“Oh Say Can We See?”: Ways & Means Leaders Seek CMMI Transparency

The chairman and ranking member of the House Ways and Means Committee have written to CMS administrator Seema Verma to ask her to address the lack of transparency in the Center for Medicare and Medicaid Innovation.

In the bipartisan letter, committee chairman Richard Neal (D-MA) and ranking member Kevin Brady (R-TX) note that “…Congress established CMMI to test different innovative delivery system and payment models to improve quality and reduce costs for Medicare and Medicaid beneficiaries” but observe that “…significant policy changes made unilaterally by the executive branch without sufficient transparency could yield unintended negative consequences for beneficiaries and the health care community.

Their request:

We strongly urge the Agency to provide more sunshine in this process, all allow Congress, beneficiaries, and stakeholders greater opportunity to provide feedback into the policies that CMMI tests that affect millions of Americans with Medicare.

The letter also poses a series of questions about CMMI’s current endeavors.

Learn more from the letter from Representatives Neal and Brady to CMS administrator Seema Verma.

Medicaid Birthing Model Improves Outcomes

A federal program to improve birth outcomes among Medicaid-covered women has produced positive results:  lower rates of pre-term births, fewer low birthweight babies, fewer C-sections, lower delivery costs, and lower first-year health care spending.

The “Strong Start for Mothers and Newborns” program was a four-year initiative established by the Affordable Care Act and developed by the U.S. Department of Health and Human Services’ Center for Medicare and Medicaid Innovation to employ patient education, nutrition, exercise, preparation for childbirth, breast-feeding, and family planning rather than strictly medical interventions and was delivered through three evidence-based prenatal care models:  Birth Centers, Group Prenatal Care, and Maternity Care Homes.

The program, operated in 219 separate sites in 32 states, served participants with especially challenging socio-economic risk factors:  unemployment, lack of a high school degree or GED, food insecurity, transportation challenges, chronic health problems, and previous poor birth outcomes.  The objective of the program was to find ways to overcome these social determinants of health and produce better birth outcomes and now, a new, independent evaluation has found that it did.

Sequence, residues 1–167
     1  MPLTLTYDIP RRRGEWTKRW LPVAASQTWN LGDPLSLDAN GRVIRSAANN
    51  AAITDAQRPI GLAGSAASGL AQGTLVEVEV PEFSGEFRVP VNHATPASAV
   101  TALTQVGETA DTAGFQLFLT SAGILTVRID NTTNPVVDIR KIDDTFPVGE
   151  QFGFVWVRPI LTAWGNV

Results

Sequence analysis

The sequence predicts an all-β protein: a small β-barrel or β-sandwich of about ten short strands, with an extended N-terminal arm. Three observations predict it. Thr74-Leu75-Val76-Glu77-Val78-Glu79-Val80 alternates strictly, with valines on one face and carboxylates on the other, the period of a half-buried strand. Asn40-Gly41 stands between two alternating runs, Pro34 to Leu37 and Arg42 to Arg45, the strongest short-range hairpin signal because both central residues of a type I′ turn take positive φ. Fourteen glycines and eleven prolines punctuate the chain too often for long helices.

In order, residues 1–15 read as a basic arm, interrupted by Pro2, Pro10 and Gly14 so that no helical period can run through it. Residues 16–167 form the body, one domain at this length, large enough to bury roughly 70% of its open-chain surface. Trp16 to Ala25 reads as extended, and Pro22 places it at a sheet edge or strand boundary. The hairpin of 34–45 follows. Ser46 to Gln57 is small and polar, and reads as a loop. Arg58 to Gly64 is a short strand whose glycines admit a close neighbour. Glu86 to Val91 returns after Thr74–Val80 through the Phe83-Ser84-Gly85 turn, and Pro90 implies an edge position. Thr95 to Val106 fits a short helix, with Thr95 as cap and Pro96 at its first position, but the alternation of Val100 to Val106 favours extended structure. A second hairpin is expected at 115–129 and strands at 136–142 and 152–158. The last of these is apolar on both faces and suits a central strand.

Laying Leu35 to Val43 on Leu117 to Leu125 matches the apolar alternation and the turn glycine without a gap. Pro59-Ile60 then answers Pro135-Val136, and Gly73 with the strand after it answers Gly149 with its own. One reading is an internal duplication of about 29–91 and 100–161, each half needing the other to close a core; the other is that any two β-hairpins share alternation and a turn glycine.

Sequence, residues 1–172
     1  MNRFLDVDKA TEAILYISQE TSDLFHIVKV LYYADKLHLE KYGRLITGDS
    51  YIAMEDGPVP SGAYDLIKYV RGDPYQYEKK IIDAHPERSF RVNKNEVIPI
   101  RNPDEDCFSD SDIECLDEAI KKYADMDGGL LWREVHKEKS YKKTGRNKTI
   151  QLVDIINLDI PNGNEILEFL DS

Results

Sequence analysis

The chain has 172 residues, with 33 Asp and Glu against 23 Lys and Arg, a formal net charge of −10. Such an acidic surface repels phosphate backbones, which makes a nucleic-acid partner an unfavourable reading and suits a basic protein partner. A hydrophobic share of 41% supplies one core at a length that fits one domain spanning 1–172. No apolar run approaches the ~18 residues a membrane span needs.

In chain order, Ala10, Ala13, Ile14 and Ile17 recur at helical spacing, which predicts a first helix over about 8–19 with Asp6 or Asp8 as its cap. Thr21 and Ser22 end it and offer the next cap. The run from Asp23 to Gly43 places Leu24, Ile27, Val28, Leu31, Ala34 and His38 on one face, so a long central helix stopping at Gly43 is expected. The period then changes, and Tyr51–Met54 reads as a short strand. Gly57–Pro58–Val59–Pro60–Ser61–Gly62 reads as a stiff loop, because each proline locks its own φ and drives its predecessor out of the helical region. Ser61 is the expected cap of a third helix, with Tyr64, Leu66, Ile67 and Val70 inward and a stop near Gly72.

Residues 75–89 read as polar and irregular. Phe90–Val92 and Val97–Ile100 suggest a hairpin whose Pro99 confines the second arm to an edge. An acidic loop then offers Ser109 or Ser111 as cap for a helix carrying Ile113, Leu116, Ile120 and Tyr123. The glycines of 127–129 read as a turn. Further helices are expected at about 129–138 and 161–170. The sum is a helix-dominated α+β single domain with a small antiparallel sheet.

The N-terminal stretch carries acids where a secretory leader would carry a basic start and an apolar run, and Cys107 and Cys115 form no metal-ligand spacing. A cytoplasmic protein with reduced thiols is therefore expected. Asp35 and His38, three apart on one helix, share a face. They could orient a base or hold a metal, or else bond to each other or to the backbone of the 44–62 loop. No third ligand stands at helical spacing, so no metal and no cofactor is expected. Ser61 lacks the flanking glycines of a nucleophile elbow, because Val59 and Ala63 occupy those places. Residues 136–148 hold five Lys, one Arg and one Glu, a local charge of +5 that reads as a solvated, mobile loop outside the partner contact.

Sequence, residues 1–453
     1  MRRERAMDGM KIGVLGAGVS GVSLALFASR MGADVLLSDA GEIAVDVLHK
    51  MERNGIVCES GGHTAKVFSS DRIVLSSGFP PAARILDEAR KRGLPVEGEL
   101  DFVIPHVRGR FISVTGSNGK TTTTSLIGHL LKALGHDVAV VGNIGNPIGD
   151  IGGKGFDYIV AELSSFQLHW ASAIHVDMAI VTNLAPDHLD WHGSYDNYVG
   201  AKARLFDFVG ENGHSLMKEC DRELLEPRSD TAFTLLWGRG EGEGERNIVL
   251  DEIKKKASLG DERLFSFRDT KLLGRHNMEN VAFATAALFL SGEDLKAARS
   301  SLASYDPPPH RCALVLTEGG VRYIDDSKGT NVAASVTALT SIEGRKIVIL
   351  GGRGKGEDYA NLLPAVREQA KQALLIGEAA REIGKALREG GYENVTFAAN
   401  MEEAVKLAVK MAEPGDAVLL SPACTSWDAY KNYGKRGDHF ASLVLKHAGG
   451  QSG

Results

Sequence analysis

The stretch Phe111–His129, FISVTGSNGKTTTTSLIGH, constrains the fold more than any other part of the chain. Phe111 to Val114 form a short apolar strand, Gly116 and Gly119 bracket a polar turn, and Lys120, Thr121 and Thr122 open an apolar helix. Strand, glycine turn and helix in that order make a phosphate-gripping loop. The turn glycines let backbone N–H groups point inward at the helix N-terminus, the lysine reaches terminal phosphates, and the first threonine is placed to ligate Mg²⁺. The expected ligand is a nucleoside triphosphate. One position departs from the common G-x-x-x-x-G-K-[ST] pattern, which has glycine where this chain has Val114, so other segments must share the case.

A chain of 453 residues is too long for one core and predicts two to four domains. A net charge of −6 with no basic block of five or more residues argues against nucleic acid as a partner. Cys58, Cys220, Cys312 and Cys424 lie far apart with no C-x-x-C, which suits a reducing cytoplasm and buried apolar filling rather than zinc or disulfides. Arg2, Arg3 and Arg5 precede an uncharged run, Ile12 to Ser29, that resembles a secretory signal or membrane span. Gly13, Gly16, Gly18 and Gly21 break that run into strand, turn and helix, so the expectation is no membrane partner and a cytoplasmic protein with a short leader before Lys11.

Learn more about Strong Start for Mothers and Newborns and what it has produced in the official program evaluation document.

Group Seeks Preservation, Reform of Federal Innovation Effort

A coalition of 35 patient, physician, and hospital groups has written to new Secretary of Health and Human Services Tom Price and asked him to continue the federal government’s exploration of new ways to deliver and pay for Medicare services but to seek certain improvements in how those efforts are undertaken.

The coalition Healthcare Leaders for Accountable Innovation in Medicare asked Secretary Price for a reformed Center for Medicare and Medicaid Innovation so that it operates with

… appropriately-scaled, time-limited demonstration projects, greater transparency, improved data-sharing, and broader collaboration with the private sector.

The coalition also called for CMMI to operate under six guiding principles:

  • foster strong, scientifically valid testing prior to expansion
  • respect Congress’s role in making health policy changes
  • consistently provide transparency and meaningful stakeholder engagement
  • improve data sharing from CMMI testing
  • strengthen beneficiary safeguards
  • collaborate with the private sector

Read the coalition’s entire letter, including a list of the group’s members, here on the web site of the Healthcare Leadership Council.

CMS Demonstration to Tie Medical, Service Needs

A new federal demonstration program will attempt to help low-income Medicare and Medicaid recipients gain access to services that ultimately will improve their health.

The Accountable Health Communities project, developed by the Center for Medicare and Medicaid Innovation and launched by the Centers for Medicare & Medicaid Services (CMS), is a $157 million demonstration program that

… aims to identify and address beneficiaries’ health-related social needs in at least the following core areas:

  • housing instability and quality
  • food insecurity
  • utility needs
  • interpersonal violence
  • transportation needs beyond medical transportation

cmsThe federal government intends to provide grants of up to $4.5 million to as many of 44 projects that pursue better ways to identify selected patients’ non-medical needs and connect those patients with available services in their communities. The grant funding will pay for the programs, not the services themselves, and will be evaluated to determine their impact on the health of program participants and the health care services utilization of those participants in light of the program’s central objectives of testing whether addressing the targeted needs will improve participants’ health and reduce their health care utilization.